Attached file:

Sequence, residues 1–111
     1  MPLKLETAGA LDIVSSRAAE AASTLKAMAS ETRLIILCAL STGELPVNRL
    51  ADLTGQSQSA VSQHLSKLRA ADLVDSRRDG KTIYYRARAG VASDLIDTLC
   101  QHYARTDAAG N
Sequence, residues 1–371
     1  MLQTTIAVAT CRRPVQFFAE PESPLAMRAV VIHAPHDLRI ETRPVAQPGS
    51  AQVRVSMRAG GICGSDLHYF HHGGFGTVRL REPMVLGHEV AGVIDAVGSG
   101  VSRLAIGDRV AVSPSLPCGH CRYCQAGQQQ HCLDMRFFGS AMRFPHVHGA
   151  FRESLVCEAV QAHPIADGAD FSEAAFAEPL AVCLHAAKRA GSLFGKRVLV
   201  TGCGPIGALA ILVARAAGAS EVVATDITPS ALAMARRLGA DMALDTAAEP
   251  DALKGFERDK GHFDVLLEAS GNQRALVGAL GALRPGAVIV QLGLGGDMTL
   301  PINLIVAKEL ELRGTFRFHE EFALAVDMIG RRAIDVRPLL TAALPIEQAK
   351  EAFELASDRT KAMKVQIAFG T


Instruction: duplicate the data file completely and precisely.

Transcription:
Sequence, residues 1–111
     1  MPLKLETAGA LDIVSSRAAE AASTLKAMAS ETRLIILCAL STGELPVNRL
    51  ADLTGQSQSA VSQHLSKLRA ADLVDSRRDG KTIYYRARAG VASDLIDTLC
   101  QHYARTDAAG N
Sequence, residues 1–371
     1  MLQTTIAVAT CRRPVQFFAE PESPLAMRAV VIHAPHDLRI ETRPVAQPGS
    51  AQVRVSMRAG GICGSDLHYF HHGGFGTVRL REPMVLGHEV AGVIDAVGSG
   101  VSRLAIGDRV AVSPSLPCGH CRYCQAGQQQ HCLDMRFFGS AMRFPHVHGA
   151  FRESLVCEAV QAHPIADGAD FSEAAFAEPL AVCLHAAKRA GSLFGKRVLV
   201  TGCGPIGALA ILVARAAGAS EVVATDITPS ALAMARRLGA DMALDTAAEP
   251  DALKGFERDK GHFDVLLEAS GNQRALVGAL GALRPGAVIV QLGLGGDMTL
   301  PINLIVAKEL ELRGTFRFHE EFALAVDMIG RRAIDVRPLL TAALPIEQAK
   351  EAFELASDRT KAMKVQIAFG T